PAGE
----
or those of you whose Greek mythology might be a little rusty, Hercules was a demi-god, the result of one of Zeus’s dalliances with mortal women. Hera, Zeus’s divine wife, was not best pleased by her husband’s lack of faithfulness, and thus decided to punish Hercules.
She drugged him, and in his drug-induced state Hercules killedhis wife and two children. When he recovered his senses, Hercules was, of course, full of remorse and begged for redemption. In order to earn forgiveness, he was set 10 “impossible tasks.” On two of those tasks he got aid fromfamily and friends, and thus was given two extra tasks. Had Hercules been around today, Hera may well have set him
about the task of preserving capital in an age of nancial repression.Before we get into the details of nancial repression and its impact upon investing, let’s perform a trick beloved
by economists and abstract from the issue of repression and indeed valuations (obviously only for a moment as athought experiment before you think I’ve been drugged by Hera and have taken leave of my senses). I think the world
today could easily be described as the “Era of Uncertainty” Problems threaten from almost every direction: the scal
cliff looms, the U.S. Presidential Cycle is upon us, Europe’s troubles are clear for all to see, China appears to beslowing…indeed, the possibility of a global recession is non-negligible. Well-known and respected observers have publicly voiced their concerns. For instance, Howard Marks of Oaktree Capital recently wrote, “The world seemsmore uncertain today than at any other time in my life.” John Bogle has said, “The economy has clouds hovering over
it…And the nancial system has been damaged.”
Economists have come up with measures of uncertainty that combine things like the number of newspaper storiesabout uncertainty with the spread of economists’ forecasts into a single measure. Exhibit 1 shows an example of this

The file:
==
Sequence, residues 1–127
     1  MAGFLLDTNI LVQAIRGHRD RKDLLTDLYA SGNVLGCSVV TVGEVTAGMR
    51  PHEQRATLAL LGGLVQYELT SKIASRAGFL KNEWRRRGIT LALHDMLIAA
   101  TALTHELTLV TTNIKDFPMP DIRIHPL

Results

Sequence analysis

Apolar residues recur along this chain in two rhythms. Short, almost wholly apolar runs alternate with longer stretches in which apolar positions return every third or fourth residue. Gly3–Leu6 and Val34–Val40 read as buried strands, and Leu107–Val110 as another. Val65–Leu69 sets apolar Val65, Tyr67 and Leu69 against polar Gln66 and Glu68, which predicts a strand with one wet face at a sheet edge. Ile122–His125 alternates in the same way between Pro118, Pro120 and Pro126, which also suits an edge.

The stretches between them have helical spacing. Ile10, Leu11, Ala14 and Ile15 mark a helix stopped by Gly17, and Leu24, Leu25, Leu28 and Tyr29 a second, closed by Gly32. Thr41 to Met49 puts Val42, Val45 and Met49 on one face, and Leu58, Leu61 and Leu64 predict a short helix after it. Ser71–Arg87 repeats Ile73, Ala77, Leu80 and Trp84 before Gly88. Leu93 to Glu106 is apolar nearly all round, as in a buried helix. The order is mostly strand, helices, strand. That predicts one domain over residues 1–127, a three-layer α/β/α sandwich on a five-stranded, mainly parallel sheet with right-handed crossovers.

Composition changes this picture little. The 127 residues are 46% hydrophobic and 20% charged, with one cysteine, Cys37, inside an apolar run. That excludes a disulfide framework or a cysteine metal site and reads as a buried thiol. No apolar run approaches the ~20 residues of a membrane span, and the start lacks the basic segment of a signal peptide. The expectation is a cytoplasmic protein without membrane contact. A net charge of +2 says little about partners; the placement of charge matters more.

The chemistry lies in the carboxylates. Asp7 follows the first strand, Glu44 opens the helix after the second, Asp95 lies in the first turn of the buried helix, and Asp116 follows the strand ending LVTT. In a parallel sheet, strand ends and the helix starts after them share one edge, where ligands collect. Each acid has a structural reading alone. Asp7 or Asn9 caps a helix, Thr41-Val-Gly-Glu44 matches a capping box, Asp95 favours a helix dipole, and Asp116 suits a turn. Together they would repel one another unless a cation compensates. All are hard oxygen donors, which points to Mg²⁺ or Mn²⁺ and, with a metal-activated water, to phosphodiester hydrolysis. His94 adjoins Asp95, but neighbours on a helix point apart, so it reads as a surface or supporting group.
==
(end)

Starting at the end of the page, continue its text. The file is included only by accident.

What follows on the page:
kind of index, and a cursory glance conrms the situation outlined above: the one thing we have been certain of is that
uncertainty is high! Now, if I told you we were in a world of slowing growth, where macro fears dominate and where uncertainty is high,
chances are you would nd yourself thinking about capital preservation (i.e., maintaining the real purchasing power
of your capital).This would certainly make sense if we lived in a world where economists’ favourite Latin expression,
was a good description of reality.
simply means that everything is the same or equal. But, sadly,we simply can’t ignore valuations. As Exhibit 2 shows, the investment opportunity set is currently pretty limited,especially for those assets that are generally associated with capital preservation (i.e., cash and bonds). They are allexpensive, and bear in mind that our cash and bond forecasts embed a return to “normal” over the next seven years.
Oddly, we in the English speaking world use the name of Hercules, but this is actually the Roman name for the character. His Greek name was Heracles,which translates as “To the glory of Hera,” Zeus’s apparent attempt to placate his wife’s anger.
The 13th Labour of Hercules: Capital Preservationin the Age of Financial Repression